After examining the briefs and appellate record, this panel has determined unanimously that oral argument would not materially assist in the determination of this appeal. See Fed. R. App. P. 34(a)(2); 10th Cir. R. 34.1(G). The case is therefore ordered submitted without oral argument. This order and judgment is not binding precedent, except under the doctrines of law of the case, res judicata, and collateral estoppel. It may be cited, however, for its persuasive value consistent with Fed. R. App. P. 32.1 and 10th Cir. R. 32.1.
Hitoshi Ombe, appearing pro se, appeals from the final judgment entered against him in three consolidated civil rights suits. In those cases, he asserted claims for disability discrimination, age discrimination and other civil rights violations against the state of New Mexico, its Division of Vocational Rehabilitation (DVR), its Public Education Department (PED) and numerous state employees (collectively "State Defendants"), as well as the non-profit Disability Rights of New Mexico, Inc., its board of directors, and several of its employees (collectively "DRNM Defendants").
Mr. Ombe also appeals the district court's order imposing filing restrictions on him and seeks leave to proceed in forma pauperis on appeal. Exercising jurisdiction under 28 U.S.C. § 1291, we affirm the district court's judgment and order and deny Mr. Ombe leave to proceed in forma pauperis.
Mr. Ombe is a mathematician and former university professor of Japanese origin who was diagnosed with Asperger's Syndrome, a form of autism, later in life. He also reports that he suffers from severe depression because of difficulties he has experienced as a result of his autism disorder.
One of these difficulties was Mr. Ombe's years of underemployment as a cashier at a gas station sometime after his university position ended. In an effort to obtain a job better suited to his skills and interests, Mr. Ombe applied for services offered by DVR, which is a division within the PED that seeks to increase the independence of individuals with disabilities through employment. Mr. Ombe became dissatisfied with DVR's services, and asked DRNM to help him in dealing with the state agency. Mr. Ombe also became dissatisfied with DRNM's efforts on his behalf. As a result, Mr. Ombe filed two actions against the State Defendants and an additional action against the DRNM Defendants. The essence of Mr. Ombe's claims in each case was that these entities and their employees failed to provide him with adequate assistance and did not properly accommodate his disabilities in communicating with him, thereby violating his civil and constitutional rights and impermissibly discriminating against him on account of his disabilities, race, national origin, and age.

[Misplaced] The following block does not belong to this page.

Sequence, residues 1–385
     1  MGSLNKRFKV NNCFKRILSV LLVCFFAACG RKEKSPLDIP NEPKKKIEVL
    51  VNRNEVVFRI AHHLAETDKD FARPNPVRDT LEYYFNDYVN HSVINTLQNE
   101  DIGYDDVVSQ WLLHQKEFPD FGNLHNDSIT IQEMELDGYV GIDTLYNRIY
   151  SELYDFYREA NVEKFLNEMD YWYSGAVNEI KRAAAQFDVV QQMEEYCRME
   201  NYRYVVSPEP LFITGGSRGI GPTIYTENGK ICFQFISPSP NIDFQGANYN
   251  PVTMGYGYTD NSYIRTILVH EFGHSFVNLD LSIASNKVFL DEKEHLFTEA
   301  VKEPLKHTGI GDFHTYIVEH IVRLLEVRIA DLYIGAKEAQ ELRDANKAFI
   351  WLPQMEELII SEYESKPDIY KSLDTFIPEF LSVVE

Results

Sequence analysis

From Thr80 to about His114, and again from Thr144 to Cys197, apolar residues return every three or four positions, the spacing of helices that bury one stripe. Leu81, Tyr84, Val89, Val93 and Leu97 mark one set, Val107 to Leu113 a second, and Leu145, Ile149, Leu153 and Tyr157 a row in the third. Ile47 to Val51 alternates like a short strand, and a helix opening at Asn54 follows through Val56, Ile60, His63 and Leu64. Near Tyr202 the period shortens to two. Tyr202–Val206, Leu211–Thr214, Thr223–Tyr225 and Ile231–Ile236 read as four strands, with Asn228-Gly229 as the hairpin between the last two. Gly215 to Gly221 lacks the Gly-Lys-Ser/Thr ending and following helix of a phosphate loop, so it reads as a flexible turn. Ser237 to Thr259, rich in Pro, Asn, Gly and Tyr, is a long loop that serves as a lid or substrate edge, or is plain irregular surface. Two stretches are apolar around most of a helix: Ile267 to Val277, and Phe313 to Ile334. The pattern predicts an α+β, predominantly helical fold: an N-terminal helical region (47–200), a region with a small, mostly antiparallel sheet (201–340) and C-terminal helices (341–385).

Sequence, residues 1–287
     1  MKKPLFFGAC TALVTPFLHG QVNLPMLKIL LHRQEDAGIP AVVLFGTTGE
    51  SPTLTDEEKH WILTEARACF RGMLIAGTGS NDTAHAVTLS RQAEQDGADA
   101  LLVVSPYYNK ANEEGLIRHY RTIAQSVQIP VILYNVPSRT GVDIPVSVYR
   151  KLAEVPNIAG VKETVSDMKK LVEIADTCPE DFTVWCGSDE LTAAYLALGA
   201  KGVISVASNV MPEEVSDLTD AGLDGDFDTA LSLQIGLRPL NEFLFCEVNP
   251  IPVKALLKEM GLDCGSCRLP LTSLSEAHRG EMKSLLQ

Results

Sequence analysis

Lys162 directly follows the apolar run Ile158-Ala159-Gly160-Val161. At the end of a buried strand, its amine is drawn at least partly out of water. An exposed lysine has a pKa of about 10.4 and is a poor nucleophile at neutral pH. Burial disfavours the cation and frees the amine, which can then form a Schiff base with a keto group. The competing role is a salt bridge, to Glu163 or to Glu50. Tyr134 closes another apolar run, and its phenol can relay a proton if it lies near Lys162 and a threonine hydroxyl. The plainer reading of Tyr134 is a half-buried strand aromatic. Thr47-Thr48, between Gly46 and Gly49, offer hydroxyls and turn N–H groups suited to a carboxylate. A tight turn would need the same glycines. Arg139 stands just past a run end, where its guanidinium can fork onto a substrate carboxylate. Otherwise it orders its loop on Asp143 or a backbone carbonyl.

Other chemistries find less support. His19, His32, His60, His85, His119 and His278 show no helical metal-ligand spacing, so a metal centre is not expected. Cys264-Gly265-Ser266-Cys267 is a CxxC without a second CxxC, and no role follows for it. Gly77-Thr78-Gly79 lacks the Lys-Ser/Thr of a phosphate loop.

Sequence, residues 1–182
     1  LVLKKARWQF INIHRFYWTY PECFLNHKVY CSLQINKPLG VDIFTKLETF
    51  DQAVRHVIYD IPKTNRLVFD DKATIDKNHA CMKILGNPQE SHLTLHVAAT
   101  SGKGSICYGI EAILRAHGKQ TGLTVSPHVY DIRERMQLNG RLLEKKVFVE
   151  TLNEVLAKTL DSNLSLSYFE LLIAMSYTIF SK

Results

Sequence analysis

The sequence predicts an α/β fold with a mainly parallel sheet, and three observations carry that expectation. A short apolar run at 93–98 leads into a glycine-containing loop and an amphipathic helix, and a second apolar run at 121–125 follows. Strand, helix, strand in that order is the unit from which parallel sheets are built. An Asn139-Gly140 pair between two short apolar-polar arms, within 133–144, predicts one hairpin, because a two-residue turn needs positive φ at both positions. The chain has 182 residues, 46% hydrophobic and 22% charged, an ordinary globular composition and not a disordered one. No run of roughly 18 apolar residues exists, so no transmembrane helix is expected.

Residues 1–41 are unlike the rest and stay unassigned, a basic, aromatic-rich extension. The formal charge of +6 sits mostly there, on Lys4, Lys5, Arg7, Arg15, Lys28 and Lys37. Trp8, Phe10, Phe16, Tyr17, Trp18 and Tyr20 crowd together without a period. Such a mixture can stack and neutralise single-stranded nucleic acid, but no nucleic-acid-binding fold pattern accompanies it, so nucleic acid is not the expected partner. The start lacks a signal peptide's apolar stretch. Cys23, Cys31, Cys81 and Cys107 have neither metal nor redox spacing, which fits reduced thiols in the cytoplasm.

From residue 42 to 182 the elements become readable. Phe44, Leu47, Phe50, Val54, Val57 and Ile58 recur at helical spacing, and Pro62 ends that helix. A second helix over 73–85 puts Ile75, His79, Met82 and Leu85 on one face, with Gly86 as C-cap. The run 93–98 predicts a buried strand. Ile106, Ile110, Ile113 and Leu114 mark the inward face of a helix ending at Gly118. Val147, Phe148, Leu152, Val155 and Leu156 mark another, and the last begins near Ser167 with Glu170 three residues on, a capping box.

The district court consolidated the three cases and granted the DRNM Defendants' motion to dismiss the claims against them for failure to state a claim. It also granted in part and denied in part the State Defendants' motions to dismiss Mr. Ombe's claims for failure to state a claim and for lack of jurisdiction. The district court subsequently denied Mr. Ombe's motions to reconsider its decisions granting these motions to dismiss, denied his motions to amend his complaint, granted summary judgment to the State Defendants on the remaining claims, and entered final judgment dismissing his cases with prejudice. It also denied Mr. Ombe's motion to proceed in forma pauperis on appeal.
In addition, after providing Mr. Ombe with notice and an opportunity to object, the district court issued a post-judgment order imposing restrictions on his district court filings in this matter. This order was issued at the request of the State Defendants in response to Mr. Ombe's excessive filings in this case, many of which disparaged the Court and opposing counsel in derogatory and abusive terms.
A. Appellate Jurisdiction
The State and DRNM Defendants assert that our jurisdiction in this appeal is limited by Mr. Ombe's failure to identify all of the district court orders he challenges in his notice of appeal. See Fed. R. App. P. 3(c)(1)(B) (notice of appeal must "designate the judgment, order, or part thereof being appealed"); Williams v. Akers, 837 F.3d 1075, 1078 (10th Cir. 2016) ("Rule 3(c)(1)(B)'s designation requirement is jurisdictional."). They are mistaken.
Mr. Ombe's notice of appeal states that he is appealing the district court's final judgment and its filing restrictions order. See R. Vol. I at 476. "[A] notice of appeal which names the final judgment is sufficient to support review of all earlier orders that merge in the final judgment." McBride v. CITGO Petroleum Corp., 281 F.3d 1099, 1104 (10th Cir. 2002). And as "a general rule . . . all earlier interlocutory orders merge into final orders and judgments," with the result that "[h]aving appealed from the judgment, the appellant is free to attack any nonfinal order or ruling leading up to it." Id. (internal quotation marks omitted). As a result, our jurisdiction in this appeal extends to any of the district court's pre-judgment, nonfinal rulings that Mr. Ombe opted to challenge on appeal, as well as the filing restriction order he separately designated in his notice.